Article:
Strength of US Economy Makes Investors Nervous

A number of fund managers are starting to question the sustainability of the US economic strength and whether the bull run can continue

Cherry Reynard 30 August, 2018 | 9:48AM

New York

At the recent Jackson Hole symposium, Federal Reserve chairman Jay Powell said he saw no “elevated risk” of the US economy overheating. Others would beg to differ, as US GDP growth shoots above 4%, the S&P 500 extends its longest-ever bull run, merger and acquisition activity takes off and buybacks accelerate.

President Trump’s current fiscal experiment is unusual, coming at a time when the US economy was already strong. Robert Love, head of research at Asset Intelligence, says: “The Trump administration’s tax cuts and spending increases represent a sizeable fiscal stimulus at a time when the economy is at full employment, so overheating risks could emerge on the horizon. This would put pressure on bond yields and interest rates to rise further, a risk which is already alive due to the Federal Reserve’s ambitious plans to reduce the scale of its balance sheet.”

The second quarter GDP growth figure of 4.1% - this week revised to 4.2% - seemed to support the ‘overheating’ thesis, along with President Trump’s bullish view that “we're going to go a lot higher than these numbers, and these are great numbers”.

The S&P 500 bull run is now the longest in history and continues to be fuelled by stronger earnings as companies reap the benefit of corporate tax cuts. Buybacks have also accelerated, leading some to suggest that share prices are being artificially supported. On most measures, the US stock market looks highly valued relative to its peers and its history.

US Inflation Benign

That said, investors have been worried about the US economy and stock market for some time and both have continued to surprise investors with their resilience. Perhaps most importantly, inflation has been relatively benign in spite of economic growth. Chairman Powell’s view was that while inflation has moved up near 2%, the central bank has seen no clear signs of an acceleration above 2%.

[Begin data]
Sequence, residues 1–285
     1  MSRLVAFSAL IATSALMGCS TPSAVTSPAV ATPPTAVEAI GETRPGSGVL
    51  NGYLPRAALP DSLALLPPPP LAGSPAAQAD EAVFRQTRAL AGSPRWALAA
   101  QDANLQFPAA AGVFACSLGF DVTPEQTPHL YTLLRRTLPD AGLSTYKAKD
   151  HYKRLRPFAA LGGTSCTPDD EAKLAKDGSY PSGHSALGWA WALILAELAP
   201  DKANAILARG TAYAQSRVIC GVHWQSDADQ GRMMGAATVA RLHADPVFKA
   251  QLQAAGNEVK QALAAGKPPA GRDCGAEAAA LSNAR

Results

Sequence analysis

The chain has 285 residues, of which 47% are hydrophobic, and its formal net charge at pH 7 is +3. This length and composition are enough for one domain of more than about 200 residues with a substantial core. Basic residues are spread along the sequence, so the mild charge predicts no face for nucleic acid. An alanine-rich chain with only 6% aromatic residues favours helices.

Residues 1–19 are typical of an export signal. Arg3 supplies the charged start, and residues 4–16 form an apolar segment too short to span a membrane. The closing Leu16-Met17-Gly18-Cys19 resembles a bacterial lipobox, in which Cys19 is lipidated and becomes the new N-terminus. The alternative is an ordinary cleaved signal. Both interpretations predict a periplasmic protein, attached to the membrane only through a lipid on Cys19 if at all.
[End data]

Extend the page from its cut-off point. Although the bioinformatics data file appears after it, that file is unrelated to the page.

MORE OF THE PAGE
For all President Trump’s bravado, it is also possible that the 4.1% growth rate was an anomaly. Love says: “Drilling down into the data, it seems that some of the 4.1% annualised growth seen in the second quarter was in fact driven by Chinese firms speeding up their purchases of US imports in advance of any potential trade war. Therefore, the US economy may not be as overheated as this figure makes it appear at first glance.”

Hao Ran Wee, a strategist at Barclays Wealth Management, agrees: “The fiscal stimulus employed by the US government has already shown some signs of boosting growth in the short-term, but we think that its effects are likely temporary, and unlikely to change the long-term growth profile of the US economy.” This had been in the region of 2.5-3% in prior quarters.